South Korea ordered doctors in the Seoul region to return to work as they began a three-day strike in protest against multiple government measures, including one to increase the number of doctors coping with health emergencies such as coronavirus.
Trainee doctors staged simultaneous walkouts, and thousands of additional doctors were scheduled to launch a three-day strike. The strikes come as South Korea faces one of its worst coronavirus outbreaks, with 320 new cases registered Tuesday in the 24 hours to midnight, the latest in more than a week and a half of triple-digit rises.
Walkouts forced the five major general hospitals in South Korea to restrict their scheduled hours and cancel surgeries, Yonhap news agency reported. The doctors reached a agreement with the government earlier this week to continue treating coronavirus cases, but failed to find a solution on the wider issues.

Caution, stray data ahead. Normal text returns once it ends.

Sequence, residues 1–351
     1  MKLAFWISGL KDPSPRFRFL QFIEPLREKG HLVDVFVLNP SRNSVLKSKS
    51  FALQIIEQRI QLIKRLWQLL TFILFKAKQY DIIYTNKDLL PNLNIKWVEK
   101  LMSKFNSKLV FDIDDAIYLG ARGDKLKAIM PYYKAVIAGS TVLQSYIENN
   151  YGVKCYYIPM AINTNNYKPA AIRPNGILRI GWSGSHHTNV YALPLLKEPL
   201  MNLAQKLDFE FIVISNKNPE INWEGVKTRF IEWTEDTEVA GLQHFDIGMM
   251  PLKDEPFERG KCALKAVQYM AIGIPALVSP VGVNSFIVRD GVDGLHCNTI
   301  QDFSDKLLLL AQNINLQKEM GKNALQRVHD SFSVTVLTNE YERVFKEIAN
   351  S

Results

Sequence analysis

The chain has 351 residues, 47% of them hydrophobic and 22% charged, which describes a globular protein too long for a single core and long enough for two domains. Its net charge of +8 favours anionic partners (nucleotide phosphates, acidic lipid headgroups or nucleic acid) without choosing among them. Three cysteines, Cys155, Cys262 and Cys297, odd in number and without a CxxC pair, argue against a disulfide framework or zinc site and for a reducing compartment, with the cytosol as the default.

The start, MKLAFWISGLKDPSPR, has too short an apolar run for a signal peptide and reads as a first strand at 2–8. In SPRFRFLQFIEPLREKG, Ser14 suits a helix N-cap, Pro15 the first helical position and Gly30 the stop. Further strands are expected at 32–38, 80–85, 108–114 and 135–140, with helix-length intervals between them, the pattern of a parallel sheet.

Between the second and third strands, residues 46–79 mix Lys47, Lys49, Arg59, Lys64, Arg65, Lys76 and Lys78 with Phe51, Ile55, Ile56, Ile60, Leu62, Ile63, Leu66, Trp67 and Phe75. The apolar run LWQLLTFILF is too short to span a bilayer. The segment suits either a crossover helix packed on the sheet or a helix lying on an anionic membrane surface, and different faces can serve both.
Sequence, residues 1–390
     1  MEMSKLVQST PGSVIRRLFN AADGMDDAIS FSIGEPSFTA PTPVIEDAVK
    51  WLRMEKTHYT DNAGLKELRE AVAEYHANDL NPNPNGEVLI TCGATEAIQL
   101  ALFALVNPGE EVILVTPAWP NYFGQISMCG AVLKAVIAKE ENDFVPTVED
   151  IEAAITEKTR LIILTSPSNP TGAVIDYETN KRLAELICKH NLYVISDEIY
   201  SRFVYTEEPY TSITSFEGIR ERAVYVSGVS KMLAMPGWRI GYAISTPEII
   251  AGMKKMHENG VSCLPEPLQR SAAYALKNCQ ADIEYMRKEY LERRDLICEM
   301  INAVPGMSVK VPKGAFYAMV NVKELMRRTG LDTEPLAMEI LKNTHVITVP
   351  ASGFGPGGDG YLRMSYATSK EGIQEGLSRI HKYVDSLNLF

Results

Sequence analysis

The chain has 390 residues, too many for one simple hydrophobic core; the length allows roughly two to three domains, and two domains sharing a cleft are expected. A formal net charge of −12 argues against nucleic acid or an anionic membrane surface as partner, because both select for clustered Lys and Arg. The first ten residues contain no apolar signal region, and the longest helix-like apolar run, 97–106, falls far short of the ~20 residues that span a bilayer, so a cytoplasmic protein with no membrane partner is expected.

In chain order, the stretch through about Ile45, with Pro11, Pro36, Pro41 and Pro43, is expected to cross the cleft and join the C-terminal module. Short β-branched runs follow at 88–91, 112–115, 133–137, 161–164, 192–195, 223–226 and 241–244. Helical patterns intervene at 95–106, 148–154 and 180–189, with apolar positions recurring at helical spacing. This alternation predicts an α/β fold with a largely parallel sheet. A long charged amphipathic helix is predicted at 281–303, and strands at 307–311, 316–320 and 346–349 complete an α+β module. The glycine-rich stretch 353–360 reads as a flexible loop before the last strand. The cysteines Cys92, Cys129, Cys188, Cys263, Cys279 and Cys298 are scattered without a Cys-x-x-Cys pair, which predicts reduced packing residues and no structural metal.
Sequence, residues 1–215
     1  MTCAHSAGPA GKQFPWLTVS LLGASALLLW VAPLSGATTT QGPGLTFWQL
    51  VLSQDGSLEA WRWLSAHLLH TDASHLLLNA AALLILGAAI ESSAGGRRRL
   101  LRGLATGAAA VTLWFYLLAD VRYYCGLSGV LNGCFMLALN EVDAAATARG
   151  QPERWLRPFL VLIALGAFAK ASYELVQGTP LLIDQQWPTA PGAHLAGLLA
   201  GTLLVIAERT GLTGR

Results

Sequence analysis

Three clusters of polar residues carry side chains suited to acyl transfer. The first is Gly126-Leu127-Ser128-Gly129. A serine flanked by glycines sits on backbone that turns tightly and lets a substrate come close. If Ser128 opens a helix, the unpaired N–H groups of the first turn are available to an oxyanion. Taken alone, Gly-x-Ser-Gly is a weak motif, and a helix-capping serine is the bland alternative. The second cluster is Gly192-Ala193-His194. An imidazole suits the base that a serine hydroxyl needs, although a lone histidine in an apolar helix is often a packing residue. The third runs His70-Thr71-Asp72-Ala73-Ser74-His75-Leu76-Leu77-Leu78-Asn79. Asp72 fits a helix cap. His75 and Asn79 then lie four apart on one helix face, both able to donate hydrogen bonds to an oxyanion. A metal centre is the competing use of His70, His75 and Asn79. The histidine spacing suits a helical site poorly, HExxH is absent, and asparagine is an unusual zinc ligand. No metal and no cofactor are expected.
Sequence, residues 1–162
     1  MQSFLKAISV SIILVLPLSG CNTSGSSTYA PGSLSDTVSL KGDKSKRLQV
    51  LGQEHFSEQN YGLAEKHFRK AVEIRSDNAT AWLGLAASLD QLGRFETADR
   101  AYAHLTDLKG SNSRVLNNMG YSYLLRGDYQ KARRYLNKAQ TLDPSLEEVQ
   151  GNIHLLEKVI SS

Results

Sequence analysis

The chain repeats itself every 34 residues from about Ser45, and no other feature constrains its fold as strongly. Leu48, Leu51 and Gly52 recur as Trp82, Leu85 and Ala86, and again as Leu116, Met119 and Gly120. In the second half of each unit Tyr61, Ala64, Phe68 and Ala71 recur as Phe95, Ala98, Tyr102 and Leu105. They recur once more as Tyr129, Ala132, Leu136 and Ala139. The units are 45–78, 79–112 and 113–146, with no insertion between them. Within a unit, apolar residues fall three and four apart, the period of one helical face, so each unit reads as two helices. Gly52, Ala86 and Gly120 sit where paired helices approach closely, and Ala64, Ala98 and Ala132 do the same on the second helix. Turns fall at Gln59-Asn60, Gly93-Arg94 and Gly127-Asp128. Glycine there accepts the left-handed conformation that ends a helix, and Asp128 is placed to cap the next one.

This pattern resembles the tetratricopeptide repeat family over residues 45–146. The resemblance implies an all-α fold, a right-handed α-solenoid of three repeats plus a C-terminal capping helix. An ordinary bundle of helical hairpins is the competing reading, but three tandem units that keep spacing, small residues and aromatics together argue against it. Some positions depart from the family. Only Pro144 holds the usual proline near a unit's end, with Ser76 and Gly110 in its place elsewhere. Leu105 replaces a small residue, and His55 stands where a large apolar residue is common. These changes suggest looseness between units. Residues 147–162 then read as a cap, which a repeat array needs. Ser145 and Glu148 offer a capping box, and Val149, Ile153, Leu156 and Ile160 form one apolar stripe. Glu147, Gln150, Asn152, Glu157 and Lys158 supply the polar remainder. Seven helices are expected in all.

Health Minister Park Neung-hoo said that the government now has no choice but to take appropriate legal action such as an order to open up business so as not to put the lives and safety of the people in danger. He said several of government offers had been rejected by the Korean Medical Association (KMA) and the Korean Intern Resident Association (KIRA).
KMA said that in with the government the medical community was always open to all possibilities, and that the doctors did not want to strike. They really want to come back, they are asking for people to listen to their voice so they can reach their patients as soon as possible.
The government said it is important to better prepare for public health emergencies such as the coronavirus pandemic and raise the number of medical students by 4000 over the next 10 years. Student doctors, however, said the proposal would disrupt an increasingly competitive market unfairly, and that additional funds would be better focused on raising the wages of current trainees, encouraging them to migrate out of Seoul into rural areas where more health professionals are required.